By Salem Nassif
Some opposition activists regard Russian Foreign Minister Sergei Lavrov’s initiative to find a diplomatic solution to the crisis, which followed the chemical weapon attack in Ghouta, as an opportunity to come to a solution that will at least lessen the suffering and death of Syrians. Others see the initiative as nothing more than yet another attempt to give the regime more time, allowing it to continue on the same violent path it has followed since the start of the uprising – a path whose motto can be summarized by the slogan “Al-Assad or we burn the country.”
Rima Fleihan, a member of the opposition Syrian National Coalition, believes that by focusing only on the chemical weapons, the Russian initiative disregards the actual crime, and lacks any punishment of those who ordered the massacre of the civilians in Ghouta.
According to Fleihan, if this initiative were truly concerned with the wellbeing of the Syrian people, it should at least refer the case to the International Criminal Court (ICC). The initiative has also ignored other instances of systematic killing by the regime since the first day of the uprising.
“Does the international community only care about the stockpiles of chemical weapons?” Fleihan wondered.
Fleihan believes that this initiative will not change the balance of power on the ground between the government and the opposition – at least not enough to pave the way for political solution.
She says that a political solution will need to include more than just confiscating chemical weapons.
“We must refer all war crimes to the ICC, Bashar al-Assad must step down, and we must sit down in Geneva to negotiate the transitional period and agree on a framework for the transfer of power,” she said. “Before all this, all military operations must stop and prisoners shout be released, the displaced must be allowed to return and we must begin reconstruction under the supervision of the United Nations.”
Anas Jouda is the vice president of the “Movement for State Building,” an opposition group which operates with the approval of President Bashar al-Assad’s regime inside Syria. He says Russia will try its best to guarantee that the initiative will be implemented. However, Jouda, like Fleihan does not trust the regime.
“It will resort to stalling and getting mired in details to gain time,” he said. “What is important now is the resumption of the Geneva [negotiations]. The American strike is behind us now.”
Some Syrians, including members of the opposition, are against relinquishing chemical weapons and consider it a violation of the sovereignty of the state. They prefer to keep the weapons as a deterrent against Israeli aggression. But Saleh al-Nabwani, a member of the opposition umbrella group National Coordination Body for Democratic Change, which also operates inside Syria with the authorization of the Syrian government, suggests that many opposition members who made such statements were only trying to embarrass the regime.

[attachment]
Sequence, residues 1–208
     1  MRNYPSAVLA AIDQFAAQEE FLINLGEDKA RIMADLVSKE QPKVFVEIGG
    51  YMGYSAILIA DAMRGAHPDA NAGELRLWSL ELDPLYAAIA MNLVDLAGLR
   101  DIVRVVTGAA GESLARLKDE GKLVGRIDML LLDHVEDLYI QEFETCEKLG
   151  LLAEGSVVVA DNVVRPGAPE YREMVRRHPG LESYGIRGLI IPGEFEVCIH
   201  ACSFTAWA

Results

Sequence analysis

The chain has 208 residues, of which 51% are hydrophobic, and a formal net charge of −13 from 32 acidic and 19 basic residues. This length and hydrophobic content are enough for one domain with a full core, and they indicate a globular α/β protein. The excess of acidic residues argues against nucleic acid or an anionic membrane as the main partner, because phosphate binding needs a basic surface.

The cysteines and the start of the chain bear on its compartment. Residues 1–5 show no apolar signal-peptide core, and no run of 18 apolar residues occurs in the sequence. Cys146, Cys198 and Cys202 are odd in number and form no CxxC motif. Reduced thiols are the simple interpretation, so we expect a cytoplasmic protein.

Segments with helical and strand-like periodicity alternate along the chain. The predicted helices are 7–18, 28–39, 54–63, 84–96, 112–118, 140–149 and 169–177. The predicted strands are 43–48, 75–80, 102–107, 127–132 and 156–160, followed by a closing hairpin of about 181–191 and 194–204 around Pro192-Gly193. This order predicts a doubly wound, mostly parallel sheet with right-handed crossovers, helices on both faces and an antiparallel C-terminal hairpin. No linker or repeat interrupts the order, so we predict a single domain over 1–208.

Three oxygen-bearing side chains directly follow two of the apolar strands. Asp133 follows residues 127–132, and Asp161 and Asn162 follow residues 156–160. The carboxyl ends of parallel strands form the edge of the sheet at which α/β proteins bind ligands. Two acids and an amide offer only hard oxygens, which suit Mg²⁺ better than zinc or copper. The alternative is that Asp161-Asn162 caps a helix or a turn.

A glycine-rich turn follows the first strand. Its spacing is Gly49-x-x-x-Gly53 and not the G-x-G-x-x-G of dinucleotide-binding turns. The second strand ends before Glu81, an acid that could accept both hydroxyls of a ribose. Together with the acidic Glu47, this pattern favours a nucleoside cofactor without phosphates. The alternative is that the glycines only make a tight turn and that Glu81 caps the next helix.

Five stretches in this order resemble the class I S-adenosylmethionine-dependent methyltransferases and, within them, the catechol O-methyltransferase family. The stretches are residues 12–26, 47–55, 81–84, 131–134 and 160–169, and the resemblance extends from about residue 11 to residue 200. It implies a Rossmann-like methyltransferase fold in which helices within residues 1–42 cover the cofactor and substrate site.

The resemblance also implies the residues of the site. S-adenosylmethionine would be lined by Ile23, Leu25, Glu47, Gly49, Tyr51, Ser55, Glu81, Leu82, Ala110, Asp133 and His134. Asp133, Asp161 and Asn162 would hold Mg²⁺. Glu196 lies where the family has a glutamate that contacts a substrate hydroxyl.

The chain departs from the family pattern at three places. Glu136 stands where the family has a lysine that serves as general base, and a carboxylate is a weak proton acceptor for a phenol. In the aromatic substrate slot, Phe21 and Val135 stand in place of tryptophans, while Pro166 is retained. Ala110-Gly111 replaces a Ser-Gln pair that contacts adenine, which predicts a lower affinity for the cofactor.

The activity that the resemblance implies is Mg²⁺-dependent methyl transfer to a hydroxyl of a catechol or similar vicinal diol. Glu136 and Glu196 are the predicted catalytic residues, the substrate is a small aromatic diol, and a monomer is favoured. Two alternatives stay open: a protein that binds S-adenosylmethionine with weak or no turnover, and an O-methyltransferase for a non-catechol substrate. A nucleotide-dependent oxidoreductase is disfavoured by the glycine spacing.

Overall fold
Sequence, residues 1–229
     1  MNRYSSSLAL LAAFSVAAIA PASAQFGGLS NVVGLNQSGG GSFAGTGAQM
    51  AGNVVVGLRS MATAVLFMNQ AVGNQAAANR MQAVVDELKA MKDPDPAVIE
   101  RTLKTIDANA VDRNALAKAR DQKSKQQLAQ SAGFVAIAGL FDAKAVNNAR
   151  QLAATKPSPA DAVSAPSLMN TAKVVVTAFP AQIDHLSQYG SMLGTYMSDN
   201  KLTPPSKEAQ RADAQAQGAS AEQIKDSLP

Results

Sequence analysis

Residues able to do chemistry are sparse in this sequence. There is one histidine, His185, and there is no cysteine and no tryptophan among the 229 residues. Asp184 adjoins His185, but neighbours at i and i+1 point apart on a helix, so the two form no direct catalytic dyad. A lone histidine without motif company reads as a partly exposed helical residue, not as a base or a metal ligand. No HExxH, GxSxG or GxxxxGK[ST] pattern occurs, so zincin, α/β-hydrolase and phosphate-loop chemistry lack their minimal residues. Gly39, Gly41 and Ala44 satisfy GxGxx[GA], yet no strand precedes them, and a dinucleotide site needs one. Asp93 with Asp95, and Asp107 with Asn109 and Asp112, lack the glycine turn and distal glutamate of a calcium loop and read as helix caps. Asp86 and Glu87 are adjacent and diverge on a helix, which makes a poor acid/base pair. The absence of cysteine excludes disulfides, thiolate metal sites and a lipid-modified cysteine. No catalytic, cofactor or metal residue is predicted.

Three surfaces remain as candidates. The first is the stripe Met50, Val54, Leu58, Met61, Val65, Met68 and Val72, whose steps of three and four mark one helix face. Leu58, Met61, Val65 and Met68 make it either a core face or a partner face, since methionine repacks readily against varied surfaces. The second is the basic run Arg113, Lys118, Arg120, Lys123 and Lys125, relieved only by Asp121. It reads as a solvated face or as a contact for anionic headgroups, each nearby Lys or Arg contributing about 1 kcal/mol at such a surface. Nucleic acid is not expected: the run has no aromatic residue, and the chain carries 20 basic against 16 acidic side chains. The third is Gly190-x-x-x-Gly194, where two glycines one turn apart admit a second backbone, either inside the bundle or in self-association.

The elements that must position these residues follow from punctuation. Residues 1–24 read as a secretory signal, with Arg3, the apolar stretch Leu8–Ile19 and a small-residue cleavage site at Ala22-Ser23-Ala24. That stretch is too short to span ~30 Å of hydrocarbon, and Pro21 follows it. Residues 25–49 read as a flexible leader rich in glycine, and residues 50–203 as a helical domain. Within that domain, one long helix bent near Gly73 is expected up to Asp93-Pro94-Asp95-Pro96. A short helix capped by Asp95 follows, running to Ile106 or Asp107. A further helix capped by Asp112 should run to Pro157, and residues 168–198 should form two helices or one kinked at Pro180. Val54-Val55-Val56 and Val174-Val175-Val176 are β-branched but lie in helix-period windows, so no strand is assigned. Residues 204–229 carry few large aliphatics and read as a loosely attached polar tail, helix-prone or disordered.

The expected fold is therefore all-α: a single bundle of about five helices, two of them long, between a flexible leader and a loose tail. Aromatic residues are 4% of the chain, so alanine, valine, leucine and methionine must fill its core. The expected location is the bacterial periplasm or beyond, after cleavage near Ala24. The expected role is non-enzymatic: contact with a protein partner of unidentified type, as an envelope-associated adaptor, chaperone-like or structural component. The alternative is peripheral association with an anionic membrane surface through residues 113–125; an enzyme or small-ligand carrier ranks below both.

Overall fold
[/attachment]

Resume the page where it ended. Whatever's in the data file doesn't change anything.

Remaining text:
Nabwani says that any military strike will suit the aims of the armed opposition, and believes the road to a viable solution to the crisis is holding the Geneva 2 convention.
“If the Russian initiative is implemented through the Geneva 2 conference, it will be salvation,” he said, adding that he was stating his own opinion and not necessarily that of NCB. “This is what everyone should agree on if we want what is best for Syria, and if we want to stop the bloodshed and the destruction.”
Nabwani says he can’t imagine that the initiative would succeed without international consensus.
Saleh, as well as Anas Jouda, doesn’t believe that chemical weapons would constitute a major element in any battle with Israel. Jouda argues that Israel has a superior military to the Syrian armed forces, especially in light of the recent Israeli strikes on Syrian military positions, which he believes destroyed a significant amount of the regime’s strategic weaponry.
Rima Fleihan does not see a place for chemical weapons in a future Syria. She believes that all nations in the region, including Israel, should relinquish their chemical weapons and ratify the Chemical Weapons Convention.
Syria has become a signatory to the convention since the start of talks with Russia and the United States, in an effort to find a diplomatic solution to the impasse following the chemical weapon attack on Ghouta. The UN inspectors’ report confirmed that sarin gas was delivered through ground to ground missiles launched from regime controlled areas. Such a claim implicitly holds the regime responsible, a conclusion contested by Russian Foreign Minister Sergei Lavrov. The United States, the United Kingdom and France are trying to secure a Security Council resolution allowing the use of force against the Syrian government in case it does not relinquish its chemical weapons.